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Golden State Warriors power forward Draymond Green comments on how he’s coaching up rookie phenomenon Jonathan Kuminga on his technique.
While the hype about the return of Golden State’s Big 3 is warranted, so is the ongoing praise for rookie power forward Jonathan Kuminga.
Kuminga ranks as one of three NBA rookies who weren’t supposed to be this good this fast. It’s a testament not to how wrong draft analysts were in evaluating the No. 7 pick, but that Kuminga has excelled exponentially in a matter of months. The Warriors now rely on Kuminga to work the perimeter and set screens, but the 19-year-old is far from his final form. He’s still in screening school, according to mentor Draymond Green.
“We’ve got to bring him to screening school,” Green said. “He’s still not quite there yet. He’s figuring out the angles. Which is important. That’s the toughest part. Now we’ve got to get him to start laying some wood. We’ve got to start getting him body-to-body with guys because when he screens well, he’s gonna get dunks. Nobody can stop him from diving into the paint. We’ve still got a little bit of teaching to do with JK in screening school before playoffs, but we’ll have him ready.”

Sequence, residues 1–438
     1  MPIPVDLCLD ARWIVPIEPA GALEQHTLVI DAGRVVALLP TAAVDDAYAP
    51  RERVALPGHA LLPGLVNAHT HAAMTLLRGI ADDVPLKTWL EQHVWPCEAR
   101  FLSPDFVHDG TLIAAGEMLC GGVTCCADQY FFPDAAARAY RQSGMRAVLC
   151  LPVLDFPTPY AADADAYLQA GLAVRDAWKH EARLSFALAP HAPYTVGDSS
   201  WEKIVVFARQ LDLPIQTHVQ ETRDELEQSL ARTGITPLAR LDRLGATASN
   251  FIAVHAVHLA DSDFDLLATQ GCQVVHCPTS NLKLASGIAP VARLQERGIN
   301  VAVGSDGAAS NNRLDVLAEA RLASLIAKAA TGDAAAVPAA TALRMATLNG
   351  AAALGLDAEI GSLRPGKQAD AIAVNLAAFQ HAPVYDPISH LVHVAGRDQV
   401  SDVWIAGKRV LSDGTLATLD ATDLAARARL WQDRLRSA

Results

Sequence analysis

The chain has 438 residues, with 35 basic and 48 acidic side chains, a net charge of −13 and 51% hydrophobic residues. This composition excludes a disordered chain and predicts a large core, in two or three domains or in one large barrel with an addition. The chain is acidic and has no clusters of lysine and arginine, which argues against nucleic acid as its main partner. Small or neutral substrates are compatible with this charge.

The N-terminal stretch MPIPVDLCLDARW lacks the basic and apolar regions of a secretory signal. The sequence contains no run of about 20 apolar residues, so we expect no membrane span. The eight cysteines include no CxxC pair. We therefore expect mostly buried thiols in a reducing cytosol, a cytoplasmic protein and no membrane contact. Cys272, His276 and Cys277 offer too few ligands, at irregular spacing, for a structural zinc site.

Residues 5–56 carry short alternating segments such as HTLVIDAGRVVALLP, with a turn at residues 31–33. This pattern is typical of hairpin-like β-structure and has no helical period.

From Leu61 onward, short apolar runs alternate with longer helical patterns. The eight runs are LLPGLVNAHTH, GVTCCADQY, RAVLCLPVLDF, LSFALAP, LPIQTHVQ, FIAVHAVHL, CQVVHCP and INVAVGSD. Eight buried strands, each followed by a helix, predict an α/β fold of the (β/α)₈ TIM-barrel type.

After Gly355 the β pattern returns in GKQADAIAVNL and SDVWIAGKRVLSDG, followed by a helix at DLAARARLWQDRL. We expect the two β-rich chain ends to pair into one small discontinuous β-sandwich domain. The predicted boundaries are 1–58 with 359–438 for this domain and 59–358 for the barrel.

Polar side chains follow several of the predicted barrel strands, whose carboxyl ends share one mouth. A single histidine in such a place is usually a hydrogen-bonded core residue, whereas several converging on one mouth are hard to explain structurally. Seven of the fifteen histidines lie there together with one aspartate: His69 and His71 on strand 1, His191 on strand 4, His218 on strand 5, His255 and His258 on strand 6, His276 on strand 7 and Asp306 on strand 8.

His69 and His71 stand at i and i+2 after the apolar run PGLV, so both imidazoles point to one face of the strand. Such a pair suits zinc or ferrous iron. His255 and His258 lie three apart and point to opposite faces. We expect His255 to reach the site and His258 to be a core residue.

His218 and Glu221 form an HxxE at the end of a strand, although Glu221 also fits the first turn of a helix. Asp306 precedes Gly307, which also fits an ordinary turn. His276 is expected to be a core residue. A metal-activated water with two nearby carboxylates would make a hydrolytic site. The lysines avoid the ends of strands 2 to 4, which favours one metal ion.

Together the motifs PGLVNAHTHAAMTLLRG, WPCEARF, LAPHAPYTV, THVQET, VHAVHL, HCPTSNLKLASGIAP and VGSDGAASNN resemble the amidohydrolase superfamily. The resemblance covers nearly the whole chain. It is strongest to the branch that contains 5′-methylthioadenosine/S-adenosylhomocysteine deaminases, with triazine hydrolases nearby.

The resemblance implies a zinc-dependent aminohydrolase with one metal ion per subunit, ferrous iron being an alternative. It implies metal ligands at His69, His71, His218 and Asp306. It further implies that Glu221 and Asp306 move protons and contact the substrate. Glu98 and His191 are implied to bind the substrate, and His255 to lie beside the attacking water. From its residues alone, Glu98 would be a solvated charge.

Draymond Green is taking rookie Warriors phenom Jonathan Kuminga to screening school
As Green noted, Kevon Looney has been working on his technique for years, and Green says that “he’s a master now.” But Looney is 26 years old and was drafted back in 2015, giving him a six-year head start over Kuminga.
What all three of these power forwards indicate is that the Warriors have incredible depth at the position, three generations of players with exceptional play spanning a decade, and a promising future with Green teaching Looney and Kuminga. What it also demonstrates is that the Warriors are practically psychic when it comes to drafting talent: all three power forwards were drafted by the Warriors, meaning the team struck gold on all three.
For any franchise, that’s impressive, but this is also the team that drafted Klay Thompson and Steph Curry and created a culture that made them want to stay. With these veterans coaching up the young guys, the Warriors could just keep winning for years to come.